Questions tagged [mathematics-education]

For questions in Mathematics Education as a scientific discipline. For more hands-on questions on teaching Mathematics, please use the tag teaching. There is also a Stack Exchange community http://matheducators.stackexchange.com/

Filter by
Sorted by
Tagged with
841
votes
260answers
234k views

Examples of common false beliefs in mathematics

The first thing to say is that this is not the same as the question about interesting mathematical mistakes. I am interested about the type of false beliefs that many intelligent people have while ...
361
votes
81answers
128k views

Video lectures of mathematics courses available online for free

It can be difficult to learn mathematics on your own from textbooks, and I often wish universities videotaped their mathematics courses and distributed them for free online. Fortunately, some ...
276
votes
34answers
72k views

Why is a topology made up of 'open' sets? [closed]

I'm ashamed to admit it, but I don't think I've ever been able to genuinely motivate the definition of a topological space in an undergraduate course. Clearly, the definition distills the essence of ...
237
votes
29answers
84k views

Mathematical games interesting to both you and a 5+-year-old child

Background: My daughter is 6 years old now, once I wanted to think on some math (about some Young diagrams), but she wanted to play with me... How to make both of us to do what they want ? I guess ...
184
votes
30answers
71k views

Real-world applications of mathematics, by arxiv subject area?

What are the most important applications outside of mathematics of each of the major fields of mathematics? For concreteness, let's divide up mathematics according to arxiv mathematics categories, e.g....
178
votes
69answers
39k views

What are your favorite instructional counterexamples?

Related: question #879, Most interesting mathematics mistake. But the intent of this question is more pedagogical. In many branches of mathematics, it seems to me that a good counterexample can be ...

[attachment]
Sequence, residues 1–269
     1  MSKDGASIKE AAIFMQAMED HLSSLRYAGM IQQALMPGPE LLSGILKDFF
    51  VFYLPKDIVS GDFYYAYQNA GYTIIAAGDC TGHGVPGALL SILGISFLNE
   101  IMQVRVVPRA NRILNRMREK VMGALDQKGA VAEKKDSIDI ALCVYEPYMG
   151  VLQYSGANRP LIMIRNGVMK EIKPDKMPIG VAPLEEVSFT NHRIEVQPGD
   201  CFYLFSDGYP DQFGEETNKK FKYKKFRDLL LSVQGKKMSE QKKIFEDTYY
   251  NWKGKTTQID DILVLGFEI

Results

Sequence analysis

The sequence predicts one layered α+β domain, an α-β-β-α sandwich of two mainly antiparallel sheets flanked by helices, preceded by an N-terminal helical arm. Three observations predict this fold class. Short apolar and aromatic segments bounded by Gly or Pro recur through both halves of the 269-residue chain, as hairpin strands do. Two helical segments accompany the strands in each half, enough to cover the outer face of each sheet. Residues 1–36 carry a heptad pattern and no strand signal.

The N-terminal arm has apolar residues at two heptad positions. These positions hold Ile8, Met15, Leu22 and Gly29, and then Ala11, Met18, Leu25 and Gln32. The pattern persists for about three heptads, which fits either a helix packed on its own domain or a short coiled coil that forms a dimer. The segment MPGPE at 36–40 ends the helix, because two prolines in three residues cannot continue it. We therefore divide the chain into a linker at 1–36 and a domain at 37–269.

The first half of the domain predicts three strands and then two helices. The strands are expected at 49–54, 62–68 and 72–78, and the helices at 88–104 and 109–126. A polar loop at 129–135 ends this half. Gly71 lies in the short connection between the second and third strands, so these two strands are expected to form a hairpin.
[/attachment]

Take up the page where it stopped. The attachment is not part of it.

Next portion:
177
votes
8answers
23k views

How to memorise (understand) Nakayama's lemma and its corollaries?

Nakayama's lemma is mentioned in the majority of books on algebraic geometry that treat varieties. So I think Ihave read the formulation of this lemma at least 20 times (and read the proof maybe ...
154
votes
28answers
47k views

Cool problems to impress students with group theory [closed]

Since this forum is densely populated with algebraists, I think I'll ask it here. I'm teaching intermediate level algebra this semester and I'd like to entertain my students with some clever ...
154
votes
37answers
182k views

Too old for advanced mathematics? [closed]

Kind of an odd question, perhaps, so I apologize in advance if it is inappropriate for this forum. I've never taken a mathematics course since high school, and didn't complete college. However, ...
144
votes
28answers
24k views

How To Present Mathematics To Non-Mathematicians?

(Added an epilogue) I started a job as a TA, and it requires me to take a five sessions workshop about better teaching in which we have to present a 10 minutes lecture (micro-teaching). In the last ...
126
votes
17answers
15k views

Why do we care about $L^p$ spaces besides $p = 1$, $p = 2$, and $p = \infty$?

I was helping a student study for a functional analysis exam and the question came up as to when, in practice, one needs to consider the Banach space $L^p$ for some value of $p$ other than the obvious ...
115
votes
7answers
23k views

Is the boundary $\partial S$ analogous to a derivative?

Without prethought, I mentioned in class once that the reason the symbol $\partial$ is used to represent the boundary operator in topology is that its behavior is akin to a derivative. But after ...
112
votes
25answers
16k views

“Mathematics talk” for five year olds

I am trying to prepare a "mathematics talk" for five year olds from my daughter's elementary school. I have given many mathematics talks in my life but this one feels very tough to prepare. Could the ...
110
votes
1answer
8k views

What happened to Suren Arakelov? [closed]

I heard that Professor Suren Arakelov got mental disorder and ceased research. However, a brief search on the Russian wikipedia page showed he was placed in a psychiatric hospital because of political ...
97
votes
9answers
28k views

How do you not forget old math?

I am trying to not forget my old math. I finished my PhD in real algebraic geometry a few years ago and then switched to the industry for financial reasons. Now I get the feeling that I want to do a ...
89
votes
5answers
6k views

Is there a database for tracking the dependencies of mathematical theorems?

Given a proof for a result, one could denote the proof as a node on a graph, and then draw arrows to the node from axioms and previous results that the proof uses, and then draw arrows from the node ...
83
votes
78answers